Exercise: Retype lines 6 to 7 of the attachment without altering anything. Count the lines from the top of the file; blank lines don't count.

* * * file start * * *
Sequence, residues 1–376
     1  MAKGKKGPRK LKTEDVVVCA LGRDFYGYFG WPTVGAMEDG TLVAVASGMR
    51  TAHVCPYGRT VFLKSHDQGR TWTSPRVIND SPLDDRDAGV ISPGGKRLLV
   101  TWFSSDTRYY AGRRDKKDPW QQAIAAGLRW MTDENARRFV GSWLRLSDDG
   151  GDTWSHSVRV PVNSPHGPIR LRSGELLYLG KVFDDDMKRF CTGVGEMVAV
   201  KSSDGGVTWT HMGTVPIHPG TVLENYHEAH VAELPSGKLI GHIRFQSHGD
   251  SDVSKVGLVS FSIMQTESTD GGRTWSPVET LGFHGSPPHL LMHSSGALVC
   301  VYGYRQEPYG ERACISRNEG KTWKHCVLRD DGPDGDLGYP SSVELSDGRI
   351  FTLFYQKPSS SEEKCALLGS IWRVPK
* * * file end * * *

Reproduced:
   201  KSSDGGVTWT HMGTVPIHPG TVLENYHEAH VAELPSGKLI GHIRFQSHGD
   251  SDVSKVGLVS FSIMQTESTD GGRTWSPVET LGFHGSPPHL LMHSSGALVC